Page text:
Miami’s Public Research University
This is the April 4, 2023 edition of the Opportunity Miami newsletter written by Matt Haggman, which we send every Tuesday. Click here to subscribe to get our weekly updates in your inbox.
Guest Essay: FIU President Kenneth Jessell
Read his essay on the comprehensive strategy for talent development and the school’s next 50 years
In 1862, as the Civil War raged, President Abraham Lincoln signed the Morrill Land-Grant Act. Amid war, Lincoln was also thinking about the future. The legislation sought to drive economic growth and spur social mobility by providing federal funding for states to establish universities focused on engineering, agriculture, and science.
It resulted in a revolution in higher education, producing public research universities across the U.S. The University of Illinois was launched in 1867, the University of California, Berkeley in 1868, Purdue University in 1869, Texas A&M in 1871, and on it went. All told, including a second Morrill Land-Grant Act passed in 1890, it resulted in more than 100 land-grant universities. The Morrill Act and the universities it produced have been called “the heart of American innovation.”
Fundamental to the entire effort was the belief that public research universities — institutions that are accessible to the community and provide professionally applicable education and research — are critical to our future.
Of course, when this wave swept across the U.S., it didn’t impact Miami because there was no Miami. The City of Miami wasn’t founded until 1896, and cities like Miami Beach or Hialeah weren’t born until 1915 and 1925. Instead, it would be more than a century after the Morrill Act that Miami had its own public research university.
Yet, Miami — ever the startup city — is catching up in a big way and in its own way.
Florida International University opened its doors in 1972 as Miami’s public research university. In its first 50 years, FIU has risen to become the fifth-largest public research university in the country. With a student body of more than 56,000, it also ranks as the most diverse public research university: 61 percent of students are Hispanic, 13 percent Black, 4 percent Asian or Pacific Islander, and 7 percent from other minority groups, according to FIU.
But now, as Miami continues to cement its role as a center of innovation and economic vitality, what will FIU’s next 50 years look like? As we think about Miami’s economic future, FIU’s role as the community’s public research university is critical.
With that in mind, FIU President Kenneth Jessell authored the latest essay in our ongoing series with Opportunity Miami’s Academic Leaders Council, “The Class of 2040: Essays on the next-generation workforce.”
You can read it here.
Read more about the vision for FIU’s future here
Cities around the world are feverishly working to prepare and build workforces for the future. With a population across Miami-Dade County in which 54 percent were born outside the U.S., Greater Miami has the opportunity to build a uniquely diverse, skilled regional workforce, unlike any region in North America.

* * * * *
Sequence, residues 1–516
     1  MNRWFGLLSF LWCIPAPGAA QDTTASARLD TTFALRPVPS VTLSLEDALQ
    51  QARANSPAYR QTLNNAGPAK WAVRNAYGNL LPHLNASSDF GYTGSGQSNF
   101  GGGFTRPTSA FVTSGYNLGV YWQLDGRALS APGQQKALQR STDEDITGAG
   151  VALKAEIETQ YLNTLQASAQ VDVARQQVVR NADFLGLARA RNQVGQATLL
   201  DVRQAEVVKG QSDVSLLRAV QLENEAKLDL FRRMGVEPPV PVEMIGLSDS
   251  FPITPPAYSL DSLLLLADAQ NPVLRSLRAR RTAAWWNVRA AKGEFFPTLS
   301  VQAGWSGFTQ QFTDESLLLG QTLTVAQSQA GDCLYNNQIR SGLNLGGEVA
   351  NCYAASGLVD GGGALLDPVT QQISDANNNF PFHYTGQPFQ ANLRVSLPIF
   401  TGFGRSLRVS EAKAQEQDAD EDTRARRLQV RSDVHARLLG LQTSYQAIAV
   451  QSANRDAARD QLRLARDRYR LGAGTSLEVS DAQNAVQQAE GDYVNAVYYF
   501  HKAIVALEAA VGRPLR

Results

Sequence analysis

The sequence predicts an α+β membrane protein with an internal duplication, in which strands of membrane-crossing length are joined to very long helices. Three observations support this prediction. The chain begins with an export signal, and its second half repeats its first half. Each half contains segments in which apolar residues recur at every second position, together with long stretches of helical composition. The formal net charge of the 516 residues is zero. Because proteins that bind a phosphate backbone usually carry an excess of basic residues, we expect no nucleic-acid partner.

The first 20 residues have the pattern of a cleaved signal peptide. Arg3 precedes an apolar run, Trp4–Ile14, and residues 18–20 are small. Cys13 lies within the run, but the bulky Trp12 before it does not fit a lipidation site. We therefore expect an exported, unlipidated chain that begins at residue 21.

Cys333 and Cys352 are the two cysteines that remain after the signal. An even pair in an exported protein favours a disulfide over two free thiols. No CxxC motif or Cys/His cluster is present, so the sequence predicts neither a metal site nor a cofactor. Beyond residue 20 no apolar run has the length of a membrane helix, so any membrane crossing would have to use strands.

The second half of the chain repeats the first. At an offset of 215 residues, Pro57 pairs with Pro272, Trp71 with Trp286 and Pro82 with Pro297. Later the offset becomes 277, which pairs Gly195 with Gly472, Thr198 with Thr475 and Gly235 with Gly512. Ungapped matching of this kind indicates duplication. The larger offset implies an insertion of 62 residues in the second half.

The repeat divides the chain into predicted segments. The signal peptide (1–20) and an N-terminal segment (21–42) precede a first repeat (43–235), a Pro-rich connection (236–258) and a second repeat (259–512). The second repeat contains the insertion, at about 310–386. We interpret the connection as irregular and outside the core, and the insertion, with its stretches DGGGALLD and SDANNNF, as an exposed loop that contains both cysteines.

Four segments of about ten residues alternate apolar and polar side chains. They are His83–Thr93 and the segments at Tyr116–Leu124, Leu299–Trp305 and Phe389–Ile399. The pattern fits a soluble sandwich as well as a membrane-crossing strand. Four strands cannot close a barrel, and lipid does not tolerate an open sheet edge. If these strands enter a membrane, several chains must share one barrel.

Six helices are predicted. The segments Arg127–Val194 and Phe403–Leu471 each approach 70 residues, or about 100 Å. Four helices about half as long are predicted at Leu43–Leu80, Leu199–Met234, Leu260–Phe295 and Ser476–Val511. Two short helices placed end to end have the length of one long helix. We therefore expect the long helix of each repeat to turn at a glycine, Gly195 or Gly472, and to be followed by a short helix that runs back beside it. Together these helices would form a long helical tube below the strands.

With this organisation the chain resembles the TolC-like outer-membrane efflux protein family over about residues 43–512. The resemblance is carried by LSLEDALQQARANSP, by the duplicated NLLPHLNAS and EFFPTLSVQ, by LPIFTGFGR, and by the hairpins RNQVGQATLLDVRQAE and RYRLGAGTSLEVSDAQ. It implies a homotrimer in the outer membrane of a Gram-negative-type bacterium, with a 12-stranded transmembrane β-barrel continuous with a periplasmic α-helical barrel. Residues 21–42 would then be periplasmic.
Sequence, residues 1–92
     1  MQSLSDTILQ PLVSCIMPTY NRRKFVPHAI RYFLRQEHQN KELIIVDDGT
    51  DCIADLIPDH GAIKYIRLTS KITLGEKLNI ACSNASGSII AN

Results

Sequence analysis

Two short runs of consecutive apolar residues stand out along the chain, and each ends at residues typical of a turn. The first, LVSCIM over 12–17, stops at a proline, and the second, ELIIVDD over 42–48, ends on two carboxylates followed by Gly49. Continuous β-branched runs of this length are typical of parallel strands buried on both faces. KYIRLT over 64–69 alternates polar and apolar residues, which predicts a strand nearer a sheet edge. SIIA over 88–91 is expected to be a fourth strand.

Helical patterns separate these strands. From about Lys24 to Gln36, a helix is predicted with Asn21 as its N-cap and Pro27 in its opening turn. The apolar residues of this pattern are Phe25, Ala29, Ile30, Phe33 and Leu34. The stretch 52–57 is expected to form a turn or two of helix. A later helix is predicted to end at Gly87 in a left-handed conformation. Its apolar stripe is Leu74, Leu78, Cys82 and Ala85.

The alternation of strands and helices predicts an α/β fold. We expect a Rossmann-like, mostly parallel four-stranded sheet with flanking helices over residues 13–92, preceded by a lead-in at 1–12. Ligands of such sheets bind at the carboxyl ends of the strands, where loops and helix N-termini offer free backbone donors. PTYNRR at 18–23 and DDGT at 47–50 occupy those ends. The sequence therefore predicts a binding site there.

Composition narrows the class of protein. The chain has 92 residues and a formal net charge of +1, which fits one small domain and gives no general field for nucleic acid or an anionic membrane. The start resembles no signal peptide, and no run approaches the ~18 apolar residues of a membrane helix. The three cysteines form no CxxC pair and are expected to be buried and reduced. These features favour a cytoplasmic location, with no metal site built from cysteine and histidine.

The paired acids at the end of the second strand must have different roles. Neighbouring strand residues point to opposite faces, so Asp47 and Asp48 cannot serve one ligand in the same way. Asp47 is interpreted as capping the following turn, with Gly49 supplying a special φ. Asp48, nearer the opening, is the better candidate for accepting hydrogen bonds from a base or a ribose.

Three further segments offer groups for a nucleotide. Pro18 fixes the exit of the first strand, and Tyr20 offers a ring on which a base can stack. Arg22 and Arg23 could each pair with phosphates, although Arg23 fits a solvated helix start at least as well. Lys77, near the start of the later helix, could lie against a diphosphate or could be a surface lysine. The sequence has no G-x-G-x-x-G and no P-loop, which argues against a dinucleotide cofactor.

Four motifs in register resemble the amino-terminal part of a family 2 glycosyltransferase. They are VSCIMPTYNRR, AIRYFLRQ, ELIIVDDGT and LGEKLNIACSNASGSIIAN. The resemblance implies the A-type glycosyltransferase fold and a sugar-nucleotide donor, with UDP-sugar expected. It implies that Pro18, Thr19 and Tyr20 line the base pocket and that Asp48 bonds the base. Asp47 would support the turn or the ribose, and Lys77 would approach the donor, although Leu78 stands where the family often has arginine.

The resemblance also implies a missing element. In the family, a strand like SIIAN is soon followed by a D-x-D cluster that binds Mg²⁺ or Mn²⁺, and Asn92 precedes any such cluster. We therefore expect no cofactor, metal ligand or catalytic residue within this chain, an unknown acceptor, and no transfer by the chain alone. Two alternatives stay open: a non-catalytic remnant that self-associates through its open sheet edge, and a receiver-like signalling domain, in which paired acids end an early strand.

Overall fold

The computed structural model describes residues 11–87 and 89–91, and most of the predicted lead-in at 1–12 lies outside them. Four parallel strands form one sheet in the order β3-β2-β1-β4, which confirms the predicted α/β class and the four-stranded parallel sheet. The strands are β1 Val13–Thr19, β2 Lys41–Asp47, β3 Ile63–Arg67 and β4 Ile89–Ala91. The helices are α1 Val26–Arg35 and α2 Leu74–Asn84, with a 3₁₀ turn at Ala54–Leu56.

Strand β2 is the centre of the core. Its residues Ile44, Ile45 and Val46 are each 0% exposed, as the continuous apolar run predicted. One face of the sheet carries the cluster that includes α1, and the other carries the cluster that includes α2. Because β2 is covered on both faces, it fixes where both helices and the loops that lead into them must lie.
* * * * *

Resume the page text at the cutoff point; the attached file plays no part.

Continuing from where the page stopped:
Ideas on how to do it range widely. Efforts include more non-traditional educational offerings like bootcamps and certificate programs. Others are exploring recruiting established educational institutions from elsewhere to Miami; indeed, Northeastern University recently announced a Miami outpost. Still, others hope to start new educational institutions from scratch, as this April Fools Tweet thread by Dave Fontenot mused about.
But, whatever the combination, and it could include everything mentioned above, we know two things. One, FIU, as Miami’s public research university, will be a key part of the equation. And two, it will include the robust educational ecosystem of colleges, universities, and public schools already in place across Greater Miami.
President Jessell’s essay is the fifth in our series with leaders at the helm of Miami’s major educational institutions. The Academic Leaders Council, which is part of Opportunity Miami, is composed of the presidents of the University of Miami, Miami Dade College, Florida International University, Florida Memorial University, St. Thomas University, and Barry University, along with the Superintendent of Miami-Dade County Public Schools.
You can read previous essays by the University of Miami President Julio Frenk, Miami Dade College President Madeline Pumariega, Florida Memorial University President Jaffus Hardrick, and Barry University President Mike Allen. Next up is St. Thomas University President Dave Armstrong. Together, each essay outlines the specific priorities for each institution while providing a collective vision for our talent development future.
On a separate note, for climate tech entrepreneurs, applications are now being accepted for the Verizon Climate Resilience Prize. The prize was announced at Aspen Ideas: Climate and the deadline is April 23. If you’re an entrepreneur scaling technology for a climate-resilient future, you should check it out. You can learn more here.
As ever, we would love to hear what’s on your mind. You can email us at firstname.lastname@example.org. If you were forwarded this newsletter, you can subscribe here. We also invite you to subscribe to YouTube and follow us on social media channels.